Broken, and weak, and indistinct with tears--
A voice--a human voice--a woman's voice.
'Oh, let me in,' it wailed, 'before I die!
Oh, let me in, for Holy Charity!
For see--my life or death is at thy choice!'

Unthinking, swift he rolled the stone away:
There stood a woman, trembling, shrinking, thin;
Her pale hair by the moon's white light looked grey,
And grey her hands and grey her withered skin.
'Oh, save me--lest I die among the beasts
Who roam, and roar, and hold their fearful feasts!
Oh, save me,' she besought him, 'let me in!'

Troubled, he answered, 'Nay, I have a vow
Never again a woman's face to see!'
'But, ah,' she cried, 'thy vow is broken now,
For at this moment thou beholdest me.
I cannot journey farther. Help!' she said,
'Or I before the dawning shall be dead,
And thou repent to all eternity!'

His soul was gentle and compassionate.
'Thou shalt not perish--enter here,' he said;
'My vow is broken, and thy need is great.'
She staggered forward to the dry leaf bed,
And sank upon it, cold and still and white.
'Perhaps she may not live until the light,'
He thought, and lifted up her drooping head,

And gave her wine from out a little store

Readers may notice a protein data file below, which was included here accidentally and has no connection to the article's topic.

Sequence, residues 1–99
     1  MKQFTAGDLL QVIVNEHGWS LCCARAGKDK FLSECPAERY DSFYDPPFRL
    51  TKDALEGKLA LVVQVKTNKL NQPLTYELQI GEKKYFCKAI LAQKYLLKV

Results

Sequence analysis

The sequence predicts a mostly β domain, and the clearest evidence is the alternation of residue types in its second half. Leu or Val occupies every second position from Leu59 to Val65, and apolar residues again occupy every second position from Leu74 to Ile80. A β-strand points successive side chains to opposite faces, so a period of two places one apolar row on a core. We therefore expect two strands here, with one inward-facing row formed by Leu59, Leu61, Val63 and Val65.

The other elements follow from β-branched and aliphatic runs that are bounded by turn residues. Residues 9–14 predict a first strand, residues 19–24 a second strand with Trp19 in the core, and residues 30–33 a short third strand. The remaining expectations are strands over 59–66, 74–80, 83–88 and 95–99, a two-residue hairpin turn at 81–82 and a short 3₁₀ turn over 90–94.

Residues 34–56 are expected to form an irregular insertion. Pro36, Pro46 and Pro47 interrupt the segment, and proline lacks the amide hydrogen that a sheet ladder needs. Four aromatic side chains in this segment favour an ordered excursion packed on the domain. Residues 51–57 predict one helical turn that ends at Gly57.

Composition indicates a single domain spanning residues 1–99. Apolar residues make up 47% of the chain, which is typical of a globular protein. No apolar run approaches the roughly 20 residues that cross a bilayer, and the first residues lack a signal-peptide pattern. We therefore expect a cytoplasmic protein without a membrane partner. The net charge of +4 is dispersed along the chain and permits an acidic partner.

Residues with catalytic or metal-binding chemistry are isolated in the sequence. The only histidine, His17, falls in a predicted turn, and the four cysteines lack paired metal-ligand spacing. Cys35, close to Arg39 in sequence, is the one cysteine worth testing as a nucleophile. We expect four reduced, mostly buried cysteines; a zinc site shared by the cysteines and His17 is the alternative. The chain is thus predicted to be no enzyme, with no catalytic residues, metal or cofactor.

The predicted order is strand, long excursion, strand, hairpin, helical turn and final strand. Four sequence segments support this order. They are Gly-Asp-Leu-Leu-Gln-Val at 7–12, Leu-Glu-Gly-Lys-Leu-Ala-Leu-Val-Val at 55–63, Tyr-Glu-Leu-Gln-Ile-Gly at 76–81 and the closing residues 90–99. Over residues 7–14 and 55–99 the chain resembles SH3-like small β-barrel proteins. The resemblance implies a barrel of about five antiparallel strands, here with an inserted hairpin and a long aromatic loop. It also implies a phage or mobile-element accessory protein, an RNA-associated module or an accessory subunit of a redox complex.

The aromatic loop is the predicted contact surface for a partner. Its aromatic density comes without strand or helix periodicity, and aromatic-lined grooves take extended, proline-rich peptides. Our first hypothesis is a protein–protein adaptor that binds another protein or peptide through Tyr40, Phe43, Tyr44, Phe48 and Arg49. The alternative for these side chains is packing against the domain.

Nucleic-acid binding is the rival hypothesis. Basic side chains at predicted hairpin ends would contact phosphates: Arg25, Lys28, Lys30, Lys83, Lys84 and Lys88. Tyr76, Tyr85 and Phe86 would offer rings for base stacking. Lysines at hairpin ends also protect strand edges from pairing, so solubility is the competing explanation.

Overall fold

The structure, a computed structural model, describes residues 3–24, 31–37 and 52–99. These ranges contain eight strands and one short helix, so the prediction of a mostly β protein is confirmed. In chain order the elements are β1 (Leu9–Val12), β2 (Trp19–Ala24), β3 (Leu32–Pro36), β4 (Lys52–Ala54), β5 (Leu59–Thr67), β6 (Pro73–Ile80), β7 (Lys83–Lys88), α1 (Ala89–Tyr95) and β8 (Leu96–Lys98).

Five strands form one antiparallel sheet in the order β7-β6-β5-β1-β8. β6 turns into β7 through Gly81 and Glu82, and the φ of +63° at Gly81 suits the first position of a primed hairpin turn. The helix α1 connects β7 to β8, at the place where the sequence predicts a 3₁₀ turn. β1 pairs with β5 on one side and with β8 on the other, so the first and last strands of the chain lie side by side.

Which he had kept untouched since first he came;
He rolled the stone again before his door
To keep the night air from her wasted frame;
And, though his vow was broken, somehow knew
That he was doing what was right to do,
Yet felt a weight of unacknowledged blame.

And many a day he tended her and fed;
But ever after that first night's surprise
With earnest vigilance he held his head
Averted, and downcast he kept his eyes.
His vow, though broken once, was still his law;
He looked upon her face no more, nor saw
Her whom he cared for in such kindly wise.

She never spoke to him, nor he to her--
That she was sick and sad was all he knew;
He never asked her what her past days were,
Nor of the future, what she meant to do.
So dwelt they, till the full moon's yellow light
Flooded the world once more. Then came the night
Which all his life had been a prelude to.

The stone was moved a little from the door,
And near it he was kneeling rapt in prayer
Upon the cold uneven earthen floor;
The moonbeams passed him by, and rested where
The woman slept--her breathing soft and slow,
With rhythmic cadence even, restful, low,